Monday, January 19, 2009

The pruning begins...

Loganberries - as they looked last summer just prior to being fully ripe.

We have about 20 different fruit trees, two types of berries (both thornless!), and about 4 different varieties of grapes on our property. We are also going to be adding blueberries as well.

While we got more apples, pears, berries and grapes than we knew what to do with this past year, there were some things that could use massive improvement. First of all, many of the grapes didn't mature well and they were extremely difficult to pick. The same could be said of the blackberries and and our loganberries had a lousy harvest. The apples were plentiful, but many were smaller than they should have been. We saw a small plum harvest, but no cherries at all. To improve all of the above, we need to prune (and spray...but that's a different entry!).

Pruning is best done in the winter with the trees are basically dormant. This is true for the fruit trees, the berry brambles and the grape vines. The previous owners used to take really good care of their garden, but in the year before we bought the place, they had some illness in the family and ended up neglecting things in the yard. They also had the house on the market for over a year, so they were probably trying to keep things 'picture perfect' and pruning can be messy. All of this led to some very overgrown things and this winter, we are working to remedy that...

Anyway, this weekend I worked on the berry brambles while my H tackled the grape vines. For the grapes, he first cut a path behind the last trellis and in front of the buffalo fence. You can actually walk back there now (previously an impossibility). He had to cut massive amounts of wild blackberry canes coming over the buffalo fence. Then he had to tame the out of control grape vines working their way back over the fence from our yard. The two were so intertwined that it was hard to tell where one finished and the other began, particularly in the summer! Then he started on one of the trellises (we have three). He straightened it, added and removed wire, and secured it. Then he started pruning so that we can better train the grape vines. We figure that it'll take a few years before we get them in order, so we felt justified in really cutting back some of them. It's such a huge job that he was only able to finish one row (besides cutting the path). The other two rows will have to wait for the next rain-free weekend.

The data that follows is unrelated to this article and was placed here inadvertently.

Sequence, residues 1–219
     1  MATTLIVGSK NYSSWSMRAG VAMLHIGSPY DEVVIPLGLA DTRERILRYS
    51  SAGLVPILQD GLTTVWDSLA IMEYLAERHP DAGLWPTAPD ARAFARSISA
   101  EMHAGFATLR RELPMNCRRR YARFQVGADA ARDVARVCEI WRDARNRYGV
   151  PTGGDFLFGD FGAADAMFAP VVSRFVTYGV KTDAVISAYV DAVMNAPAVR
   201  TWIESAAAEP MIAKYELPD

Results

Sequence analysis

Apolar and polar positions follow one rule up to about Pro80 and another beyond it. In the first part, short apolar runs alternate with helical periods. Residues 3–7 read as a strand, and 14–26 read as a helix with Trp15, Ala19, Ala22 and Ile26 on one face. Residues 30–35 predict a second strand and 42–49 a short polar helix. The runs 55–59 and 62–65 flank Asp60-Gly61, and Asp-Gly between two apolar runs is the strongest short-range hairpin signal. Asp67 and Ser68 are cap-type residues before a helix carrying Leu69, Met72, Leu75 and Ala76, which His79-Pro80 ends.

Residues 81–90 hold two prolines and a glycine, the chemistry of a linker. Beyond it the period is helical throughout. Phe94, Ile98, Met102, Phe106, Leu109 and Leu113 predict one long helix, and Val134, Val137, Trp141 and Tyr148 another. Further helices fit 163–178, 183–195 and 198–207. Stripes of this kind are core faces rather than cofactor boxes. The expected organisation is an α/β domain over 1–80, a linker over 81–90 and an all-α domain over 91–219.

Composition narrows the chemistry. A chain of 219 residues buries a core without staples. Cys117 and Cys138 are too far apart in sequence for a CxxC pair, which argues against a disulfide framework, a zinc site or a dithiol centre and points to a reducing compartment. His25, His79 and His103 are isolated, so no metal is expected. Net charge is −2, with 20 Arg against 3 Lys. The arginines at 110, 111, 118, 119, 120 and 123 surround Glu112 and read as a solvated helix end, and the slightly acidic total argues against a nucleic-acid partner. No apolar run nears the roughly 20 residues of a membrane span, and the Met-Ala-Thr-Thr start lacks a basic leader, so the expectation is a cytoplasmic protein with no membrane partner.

Berry brambles - "before". The left are predominantly blackberries and the right are the loganberries.

For the berry brambles, we have two rows spaced about 4 ft apart. They are oddly assorted in terms of variety. One row is half logan berries and half some other un-identified plant (we need to wait for it to bloom to figure it out). The second row is predominantly thornless blackberries with one logan berry plant on one end. The photo above is how it all looked when I started. There were at least three years worth of canes on the blackberries as it was not pruned last year at all. In the middle of the summer, my H dug into it and tried to cut out all the thorned blackberry canes he could (these are wild and grow everywhere around here). Wild blackberries are actually considered a nuisance weed here and we do our best to keep them under control. Anyway, thanks to his hard work last summer, I only had a few of the painful variety to dig out of the mess.

I basically started by cutting out all thorny branches and anything thornless that had given us fruit last year. All the branches that had leaves but no fruit yet are the branches that will give us fruit this coming year (they give fruit on their second year). I also had to cut away a lot of dead grass and a few other types of plants that had flourished under the protection of the blackberries. Then I set about restringing all the wire. I did three rows of wire between each t-post (and I had to reposition a few posts, too) and pulled them as tight as I could. Then I carefully worked each remaining cane into the trellis taking care not to break them. I tried to spread them out as best I could. This will allow the sun to better reach all the berries and make them all much easier to pick. I think this might also make them much more visible and accessable to the birds, so we do have bird netting set aside should that be needed next summer. All in all, it was a LOT of work, but I feel really good about having it done. All I have left to do is to spread some compost at the base and then mulch on top of it to keep the grass at bay.

Berry brambles - "after"... Hard to see in this photo since so many canes have no leaves, but they are woven around the wire trellis. I still need to add compost and mulch.

Next opportunity we have, we'll finish up the grapes and get the trees done (apples, pears, cherry & plum). The trees will be a team job. I should also mention that we took a few clippings from our neighbors who have this apple tree that produces absolutely delicious apples (for both eating and baking). We are going to graft those branches on to one of our red delicious trees (we have two). We figure we'll do it on those particular trees for a number of reasons. 1) we have way more red delicious apples than we'll ever need and they aren't good for anything but eating and drying 2) those trees did really well last year, so they are clearly nice strong healthy trees and 3) the red delicious apples are the most distinctive apple (throughout it's life cycle), so it'll be really easy to tell the new variety from the old red delicious apples. Neither of us have grafted fruit trees before, so wish us luck! I'll definitely report back on our progress...

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